As the name of my blog indicates, I spend a lot of time thinking about home. Of course, my Heavenly Home is the one that is eternal, so that’s where I need to lay up my treasures, and that’s the one I’m striving for. But in the meantime, I have been given this tiny piece of the here-and-now—this home on the edge of town, this family, this neighborhood—in which to serve Him. And, though this is in the earthly realm, I want the things that happen here to be investments in the Heavenly realm.

Tuesday, January 22, 2013

Bread On Tuesday ~ Week 3 {Three-Cheese Bread}

Are you a fan of Panera Bread's yummy artisan loaves?  I have never met one I didn't like.

This week's bread recipe is from The Panera Bread Cookbook: Breadmaking Essentials and Recipes from America's Favorite Bakery-Cafe.  Ron surprised me with this book for my birthday (in August) because he knew that I was planning on featuring bread in my winter recipe series. Isn't he a good bloggy husband?

While tempted to cut to the chase and head straight for the recipes, I wanted to get the most from the book and improve my breadmaking skills.  It was helpful to read Part One of the book, "Bread Baking 101: Building Your Knowledge of Bread."  The process was discussed from beginning to mouthwatering end: the key ingredients, the factors that affect fermentation, the six steps of the breadmaking "formula", and the scientific principles that are at work.   

After reading the how-to's, I selected this Three-Cheese Bread (how can anything with three cheeses not be good?) to put my new-found knowledge to the test.  We willingly taste-tested one loaf (and whisked the other off to the freezer to save for some very special guests we're having this week).  We declared this first effort a success as we enjoyed a cheesy bread with a crusty outside and a light inside.

(Makes 2 loaves)

Ingredients for Starter*:
1 cup warm water (95-105° F)
2 teaspoons fresh yeast
1 cup all-purpose flour

Ingredients for Dough:
3/4 cup warm water (95-105° F)
3 tablespoons honey
4 teaspoons fresh yeast
1/4 cup plus one teaspoon vegetable shortening
4 1/2 cups all-purpose flour
1 tablespoon salt
1/2 cup 1/2-inch cubes Romano cheese
1/2 cup 1/2-inch cubes Parmesan cheese
1/2 cup 1/2-inch cubes Asiago cheese
Starter (above)

To create the starter*, combine the water and yeast in a medium mixing bowl.  Stir to dissolve the yeast fully.  Add the flour to the bowl and stir until the ingredients are fully incorporated.  Cover with a clean cloth and ferment the starter at room temperature for 30 minutes.  

For the dough, combine the water, honey, and yeast in the bowl of a stand mixer.  Stir to dissolve the yeast fully.  Add the shortening, flour, salt, cheeses, and fermented starter.  Mix on low speed until the dough is fully developed**.  Remove the dough from the mixing bowl.

Divide the dough into two pieces weighing about 22 ounces*** each.  Set aside any remaining dough and freeze for future use.  Roll each piece of dough into a smooth ball.  Place the dough on the counter or in a proofing basket and cover with a warm damp cloth, and proof at room temperature for 30 minutes.  Preheat the oven to 400 degrees.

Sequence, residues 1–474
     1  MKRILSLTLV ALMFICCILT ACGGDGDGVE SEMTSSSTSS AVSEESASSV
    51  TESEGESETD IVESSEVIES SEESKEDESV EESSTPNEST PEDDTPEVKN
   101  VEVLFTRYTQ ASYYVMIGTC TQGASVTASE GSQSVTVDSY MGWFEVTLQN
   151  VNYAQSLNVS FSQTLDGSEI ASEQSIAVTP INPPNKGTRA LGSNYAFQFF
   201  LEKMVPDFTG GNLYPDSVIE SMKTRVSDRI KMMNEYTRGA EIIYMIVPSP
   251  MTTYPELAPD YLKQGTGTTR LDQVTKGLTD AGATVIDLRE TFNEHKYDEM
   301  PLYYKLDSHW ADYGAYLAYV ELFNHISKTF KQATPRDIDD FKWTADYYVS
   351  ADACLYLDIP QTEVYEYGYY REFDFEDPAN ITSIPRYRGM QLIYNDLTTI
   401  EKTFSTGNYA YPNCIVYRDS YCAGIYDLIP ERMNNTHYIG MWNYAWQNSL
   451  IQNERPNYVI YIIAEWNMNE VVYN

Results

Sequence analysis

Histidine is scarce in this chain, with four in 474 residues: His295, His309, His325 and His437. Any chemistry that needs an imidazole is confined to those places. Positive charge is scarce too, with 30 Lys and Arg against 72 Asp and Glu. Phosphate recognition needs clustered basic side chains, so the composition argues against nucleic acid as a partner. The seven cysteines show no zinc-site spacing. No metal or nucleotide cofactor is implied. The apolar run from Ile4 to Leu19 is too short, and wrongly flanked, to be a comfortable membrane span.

Form the dough into two loaves, cover with a warm, damp cloth, and proof at room temperature for 30 minutes.

Score the knives with a sharp knife, spray with water, and bake for 30 minutes, or until the crusts are a deep, golden brown and the middle of the loaves is 190-200° F.  

Remove the bread from the oven and place on a cooling rack for 30 minutes.  If the bread was baked in loaf pans, remove the bread from the pans before cooling.

~ ~ ~

*  The author(s) insists that the starter is a key element in both the flavor and the texture of your bread.  Don't omit this step. 

** According to the author(s), two things indicate that a dough is "fully developed."   One indication is that it pulls away from the sides of the mixer.  Secondly, a small pinch of dough should not tear, but form a translucent membrane when stretched with your fingers.  

*** I did not have a way of measuring 22 ounces of dough.  I hoped for the best and simply divided my dough into two pieces.

 And they, continuing daily with one accord in the temple, 
and breaking bread from house to house
did eat their meat with gladness and singleness of heart...
Acts 2: 46, 47


  1. I love baking bread but don't do it as much anymore. I remember a swiss cheese recipe I used to make that was delicious toasted. I have to teach bread baking to our mentor group in a couple of months; I probably should do some research so I can teach them the science part of it all! Your bread looks yummy!

  2. Can't wait to try this.

    I love learning more about baking and trying new recipes!


  3. I am bookmarking this recipe, Thanks for sharing.

  4. Your guests will love the bread! I found your discussion of the particulars or the science behind breadmaking very interesting. I love baking bread. I don't do it very often because I might just as well glue a loaf to my hips.

  5. I am with Vee on me baking bread, I need to have an occasion where I am entertaining or invited to dinner. I love their cheese bread at the store. I will save this recipe for another time. xo

  6. Um... 3 cheeses? Yummy! I'm going to have to come back to visit these recipes for my indulge days.
    And, yes, Ron is a good bloggy husband!


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